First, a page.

Selected Passion Verses from the Gospels
Good Friday, April 14, 2017
The Rev. Adele K. Langworthy, preaching
Have you ever been in a dark place that seemed ever so hopeless? Problems were burying you alive, pain was cracking your very core? Imagine what it must have been like for Jesus’ mother. Mary, having to view her Son nailed to the cross until the last breath escaped his body. It must have felt like her own death. [Sarah Jakes] She was beneath the cross of Jesus not knowing that his body on the cross wasn’t the end of the story.
Today, we come to the cross. We place ourselves beneath the cross of Jesus and try to put ourselves in his last hours. We need to pause in this moment of darkness, pain and seemingly hopelessness. To enter the human condition, Jesus came down from heaven. Then down further. He pierced into the saddest and lowest human conditions—grief, degradation, betrayal, and torture. Then he died in the worst way possible, his unimaginable physical pain accompanied by the mental anguish of being abandoned by God. There is no darkness into which a human being can descend that Jesus has not already descended. [Victor Lee Austin]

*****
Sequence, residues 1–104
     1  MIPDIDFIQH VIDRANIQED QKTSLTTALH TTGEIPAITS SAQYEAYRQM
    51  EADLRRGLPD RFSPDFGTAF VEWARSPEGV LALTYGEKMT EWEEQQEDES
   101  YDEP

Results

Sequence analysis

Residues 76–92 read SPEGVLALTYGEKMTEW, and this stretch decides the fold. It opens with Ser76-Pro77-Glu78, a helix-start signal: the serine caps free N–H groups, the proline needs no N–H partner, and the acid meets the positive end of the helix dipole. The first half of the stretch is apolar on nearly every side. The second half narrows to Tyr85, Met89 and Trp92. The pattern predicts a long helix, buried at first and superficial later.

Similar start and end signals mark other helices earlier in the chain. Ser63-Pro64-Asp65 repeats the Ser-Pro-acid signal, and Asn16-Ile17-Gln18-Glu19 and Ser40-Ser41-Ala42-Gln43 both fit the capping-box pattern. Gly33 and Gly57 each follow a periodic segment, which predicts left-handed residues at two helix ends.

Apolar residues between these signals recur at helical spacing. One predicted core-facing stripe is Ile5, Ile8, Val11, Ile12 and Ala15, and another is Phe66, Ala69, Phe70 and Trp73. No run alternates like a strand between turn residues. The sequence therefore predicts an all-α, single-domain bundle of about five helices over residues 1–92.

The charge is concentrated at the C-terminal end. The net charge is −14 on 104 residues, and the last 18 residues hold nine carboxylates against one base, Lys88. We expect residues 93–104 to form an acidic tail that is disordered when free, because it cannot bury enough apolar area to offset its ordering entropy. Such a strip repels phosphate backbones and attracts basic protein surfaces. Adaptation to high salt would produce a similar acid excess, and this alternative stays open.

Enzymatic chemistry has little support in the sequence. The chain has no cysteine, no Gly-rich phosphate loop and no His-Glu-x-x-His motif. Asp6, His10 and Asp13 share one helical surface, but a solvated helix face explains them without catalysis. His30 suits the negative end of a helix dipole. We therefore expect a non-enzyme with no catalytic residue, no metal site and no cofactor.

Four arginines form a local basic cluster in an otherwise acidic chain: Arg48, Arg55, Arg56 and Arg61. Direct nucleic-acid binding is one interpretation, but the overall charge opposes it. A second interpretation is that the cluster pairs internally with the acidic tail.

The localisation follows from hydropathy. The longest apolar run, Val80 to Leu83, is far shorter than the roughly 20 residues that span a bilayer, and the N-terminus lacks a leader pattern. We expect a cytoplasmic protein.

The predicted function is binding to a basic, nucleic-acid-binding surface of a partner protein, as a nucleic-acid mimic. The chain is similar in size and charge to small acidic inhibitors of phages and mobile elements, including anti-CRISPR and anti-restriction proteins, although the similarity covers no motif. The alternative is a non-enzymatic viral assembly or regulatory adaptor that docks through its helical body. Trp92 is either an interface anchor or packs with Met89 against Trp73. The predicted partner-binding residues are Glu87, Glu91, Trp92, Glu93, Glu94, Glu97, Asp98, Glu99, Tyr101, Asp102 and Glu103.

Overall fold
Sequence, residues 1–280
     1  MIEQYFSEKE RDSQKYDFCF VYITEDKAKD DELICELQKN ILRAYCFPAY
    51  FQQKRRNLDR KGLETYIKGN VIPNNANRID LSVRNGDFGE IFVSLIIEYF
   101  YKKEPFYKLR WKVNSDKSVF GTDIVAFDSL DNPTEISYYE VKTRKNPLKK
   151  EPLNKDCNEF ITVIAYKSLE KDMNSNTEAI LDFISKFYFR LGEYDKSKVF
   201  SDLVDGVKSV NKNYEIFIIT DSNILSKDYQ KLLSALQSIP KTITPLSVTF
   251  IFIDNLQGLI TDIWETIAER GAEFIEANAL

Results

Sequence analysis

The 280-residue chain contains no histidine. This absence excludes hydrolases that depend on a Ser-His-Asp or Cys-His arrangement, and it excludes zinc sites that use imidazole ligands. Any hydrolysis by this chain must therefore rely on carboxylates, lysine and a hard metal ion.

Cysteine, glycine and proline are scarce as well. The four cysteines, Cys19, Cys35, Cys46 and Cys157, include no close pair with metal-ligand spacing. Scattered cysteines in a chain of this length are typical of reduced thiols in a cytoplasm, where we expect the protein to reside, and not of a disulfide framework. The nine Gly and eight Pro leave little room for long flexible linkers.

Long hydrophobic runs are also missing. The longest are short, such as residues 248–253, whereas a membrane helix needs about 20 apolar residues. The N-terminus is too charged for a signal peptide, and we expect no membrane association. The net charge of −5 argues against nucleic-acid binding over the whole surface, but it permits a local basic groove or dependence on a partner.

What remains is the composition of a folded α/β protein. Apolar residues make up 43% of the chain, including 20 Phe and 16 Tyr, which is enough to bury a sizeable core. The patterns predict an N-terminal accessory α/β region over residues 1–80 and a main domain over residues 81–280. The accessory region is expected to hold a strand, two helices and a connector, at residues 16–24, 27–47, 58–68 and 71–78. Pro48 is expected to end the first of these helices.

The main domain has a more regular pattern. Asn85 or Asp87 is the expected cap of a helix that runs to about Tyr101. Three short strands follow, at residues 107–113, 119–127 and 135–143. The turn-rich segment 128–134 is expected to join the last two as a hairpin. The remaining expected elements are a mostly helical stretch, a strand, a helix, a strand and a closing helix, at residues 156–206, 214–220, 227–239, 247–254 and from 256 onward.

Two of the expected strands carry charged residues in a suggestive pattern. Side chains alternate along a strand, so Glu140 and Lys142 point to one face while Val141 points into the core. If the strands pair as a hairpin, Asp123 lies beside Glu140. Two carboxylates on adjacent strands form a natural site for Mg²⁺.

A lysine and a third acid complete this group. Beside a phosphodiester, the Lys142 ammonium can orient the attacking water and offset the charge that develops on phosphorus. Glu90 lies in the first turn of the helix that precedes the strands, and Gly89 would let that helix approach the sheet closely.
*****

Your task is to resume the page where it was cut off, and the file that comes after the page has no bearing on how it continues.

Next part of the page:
Ann Weems is a Presbyterian poet. She wrote a poem about the seasons of the church year. She writes of Good Friday:
The church is Good Friday:
Blackness burnt into blackness,
Abysmal absence of anything good.
We acknowledge that death is real
And we tremble for a world that would kill its God.
Our feet stand in quicksand;
Our voices echo sterile silence.
We huddle together to meet the dark and the death,
Forgetting what was taught us,
Forgetting that somewhere a seed is sprouting,
somewhere a child is growing.
All we see is Christ crucified.
Victor Lee Austin writes in the Wall Street Journal about caring for his wife as she struggled and then died from brain cancer and subsequent treatments: “She lost the ability to plan projects. She slept 10 or more hours a day. When awake, she retreated into a rich world of books and puzzles. Her mental acuity never disappeared, but she found it increasingly difficult to share her thoughts with the world … . Her physical condition continued to deteriorate, and she died in 2012 at age 57.”